5 major American university presses + JSTOR: New digital repository of scholarly books

January 11, 2011 - New York, NY - Five of the nation's leading
university presses - Chicago, Minnesota, North Carolina,
Princeton, and Yale - are at the forefront of a new effort to
publish scholarly books online as part of the non-profit service
JSTOR. Their books, representing ground-breaking scholarship
across the humanistic, social, and scientific disciplines, are
expected to be available in 2012.

"Books at JSTOR" will make front and back list titles available
to libraries around the world in flexible ways that encourage
purchase, adoption, and use. This new initiative is the result of
a year-long investigation into the needs of the publishing,
library, and scholarly communities. Consultations with dozens of
libraries, end-users, and project partners helped to identify
elements of a solution that include overcoming limitations on use
and offering flexible purchase models for libraries, while
developing a sustainable model for publishers for whom online
book publishing must migrate quickly from being ancillary to a
fundamental part of their business. Among the instrumental
collaborators in this project were several presses beyond those
announced here, including California, Harvard, and MIT.

It is, however, authors and scholars that factor most prominently
in this new effort. Press partners are being encouraged to join
based on the quality of their publishing and the relevancy of
their lists to material already part of JSTOR to improve both
visibility of authors' work and ease of use for scholars. The
books will be deeply integrated with the 1,600 current and
archival journals on JSTOR, as well as the diverse primary
sources available today. All the content will be
cross-searchable, and the books will be linked with the more than
2 million book reviews and hundreds of thousands of books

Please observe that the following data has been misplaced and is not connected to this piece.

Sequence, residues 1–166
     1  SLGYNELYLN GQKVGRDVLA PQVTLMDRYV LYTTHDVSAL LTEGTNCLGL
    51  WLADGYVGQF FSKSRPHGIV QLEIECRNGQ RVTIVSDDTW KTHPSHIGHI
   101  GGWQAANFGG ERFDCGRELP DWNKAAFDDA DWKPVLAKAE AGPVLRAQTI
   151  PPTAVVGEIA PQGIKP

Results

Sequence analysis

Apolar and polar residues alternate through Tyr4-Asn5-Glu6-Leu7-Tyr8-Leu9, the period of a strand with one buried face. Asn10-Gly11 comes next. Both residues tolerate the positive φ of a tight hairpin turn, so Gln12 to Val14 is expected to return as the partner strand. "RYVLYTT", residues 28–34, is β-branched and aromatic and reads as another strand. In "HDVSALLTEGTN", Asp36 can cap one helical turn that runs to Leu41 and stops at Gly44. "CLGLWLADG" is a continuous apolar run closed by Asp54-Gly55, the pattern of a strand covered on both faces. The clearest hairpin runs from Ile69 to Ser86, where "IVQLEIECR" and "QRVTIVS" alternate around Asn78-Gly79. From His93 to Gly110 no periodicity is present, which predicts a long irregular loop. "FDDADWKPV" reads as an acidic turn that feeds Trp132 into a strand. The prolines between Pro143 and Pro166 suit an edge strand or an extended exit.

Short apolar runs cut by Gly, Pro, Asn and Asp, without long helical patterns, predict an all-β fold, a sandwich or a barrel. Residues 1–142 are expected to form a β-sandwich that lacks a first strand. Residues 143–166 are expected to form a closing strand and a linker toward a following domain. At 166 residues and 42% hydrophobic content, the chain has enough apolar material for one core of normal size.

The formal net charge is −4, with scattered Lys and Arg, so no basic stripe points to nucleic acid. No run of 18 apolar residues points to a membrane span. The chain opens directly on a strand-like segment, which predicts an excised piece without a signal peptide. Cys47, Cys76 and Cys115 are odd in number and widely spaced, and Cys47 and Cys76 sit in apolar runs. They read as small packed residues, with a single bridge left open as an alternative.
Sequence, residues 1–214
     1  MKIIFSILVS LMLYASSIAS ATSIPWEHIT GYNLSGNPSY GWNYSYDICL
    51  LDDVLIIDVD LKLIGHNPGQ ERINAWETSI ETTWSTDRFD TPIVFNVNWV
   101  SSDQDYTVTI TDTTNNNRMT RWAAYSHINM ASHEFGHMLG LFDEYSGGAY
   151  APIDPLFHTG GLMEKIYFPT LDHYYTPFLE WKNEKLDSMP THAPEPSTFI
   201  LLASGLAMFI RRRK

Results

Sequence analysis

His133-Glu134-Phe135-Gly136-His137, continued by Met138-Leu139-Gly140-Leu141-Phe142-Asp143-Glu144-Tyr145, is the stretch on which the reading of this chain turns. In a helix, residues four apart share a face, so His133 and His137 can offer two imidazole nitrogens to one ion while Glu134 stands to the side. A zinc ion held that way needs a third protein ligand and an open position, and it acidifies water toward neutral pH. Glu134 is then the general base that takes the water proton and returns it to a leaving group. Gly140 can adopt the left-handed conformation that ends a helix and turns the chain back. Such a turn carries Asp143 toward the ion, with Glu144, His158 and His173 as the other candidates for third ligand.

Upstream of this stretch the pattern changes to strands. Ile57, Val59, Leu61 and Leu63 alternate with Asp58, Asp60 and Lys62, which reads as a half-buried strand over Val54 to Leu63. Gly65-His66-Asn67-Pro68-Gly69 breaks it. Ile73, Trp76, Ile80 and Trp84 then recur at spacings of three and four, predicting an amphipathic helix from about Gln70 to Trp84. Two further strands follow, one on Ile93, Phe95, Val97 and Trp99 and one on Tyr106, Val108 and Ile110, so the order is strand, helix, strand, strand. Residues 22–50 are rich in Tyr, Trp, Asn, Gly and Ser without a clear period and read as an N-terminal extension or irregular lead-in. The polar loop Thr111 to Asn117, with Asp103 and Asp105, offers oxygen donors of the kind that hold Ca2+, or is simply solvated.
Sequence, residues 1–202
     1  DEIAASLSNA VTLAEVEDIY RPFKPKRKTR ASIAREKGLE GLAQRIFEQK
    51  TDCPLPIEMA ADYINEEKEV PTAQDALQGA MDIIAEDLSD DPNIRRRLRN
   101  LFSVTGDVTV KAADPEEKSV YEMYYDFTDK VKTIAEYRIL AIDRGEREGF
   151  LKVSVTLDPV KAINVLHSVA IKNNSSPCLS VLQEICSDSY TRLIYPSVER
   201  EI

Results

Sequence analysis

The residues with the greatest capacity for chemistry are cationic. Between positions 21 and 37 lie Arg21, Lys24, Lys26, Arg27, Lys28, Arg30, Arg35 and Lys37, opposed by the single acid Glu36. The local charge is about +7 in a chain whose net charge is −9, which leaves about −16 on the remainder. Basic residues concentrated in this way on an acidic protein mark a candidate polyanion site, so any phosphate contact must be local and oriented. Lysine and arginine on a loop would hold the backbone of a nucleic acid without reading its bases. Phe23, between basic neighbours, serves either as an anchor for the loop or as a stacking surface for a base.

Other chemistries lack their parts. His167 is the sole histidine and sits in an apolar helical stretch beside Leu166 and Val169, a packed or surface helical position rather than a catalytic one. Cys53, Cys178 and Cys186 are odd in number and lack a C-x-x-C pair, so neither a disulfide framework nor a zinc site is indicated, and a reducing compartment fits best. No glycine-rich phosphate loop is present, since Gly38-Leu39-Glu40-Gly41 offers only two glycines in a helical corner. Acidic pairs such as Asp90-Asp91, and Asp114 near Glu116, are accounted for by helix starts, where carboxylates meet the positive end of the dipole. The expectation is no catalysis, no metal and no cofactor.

references in the journal literature. Works written by the same
authors or focused on the same topics, regardless of format, will
be connected, and alerting services for users will cross
publishers, other content providers, and content formats.

Greater than the Sum of the Parts

"'Books at JSTOR' is terrific shorthand, but it doesn't tell the
whole story," said Michael Spinella, JSTOR Managing Director.
"This is really the next step in a series of efforts to integrate
scholarship across formats and media and to establish a platform
where librarians, publishers, authors, and users can innovate in
the future."

"We are investing in something with others in our community,"
explained Garrett Kiely, Director of The University of Chicago
Press which will be adding its books to its complete journal
archives and current issues already on JSTOR. "Publishing digital
scholarship that includes long- and short-form arguments,
supported by multi-media, and usefully integrated with other
content is where we need to go to help authors and researchers do
their very best work in the future."

Matching scholarly research and teaching interests with
impactful, relevant books for users is also a significant focus.
While books are already highly discoverable through Google and
Amazon, this is about academic books set in an academic context
that should be valuable specifically for research and teaching,
whether a faculty member is at an institution in Nebraska or
Nepal. Faculty and students at nearly 7,000 institutions and
libraries around the world already have access to and use JSTOR,
and will now have the opportunity to conveniently read and
reference books online directly relevant to their work.

"For a publisher like Princeton," noted Peter Dougherty, Director
of Princeton University Press, "Having our titles
cross-searchable with JSTOR's well-established journal
collections will provide us with another valuable means of making
our books available in research and other libraries around the

Promise for Digital Scholarship

Longer term, there are exciting possibilities for scholarship as
authors embrace technology and the capabilities of the platform.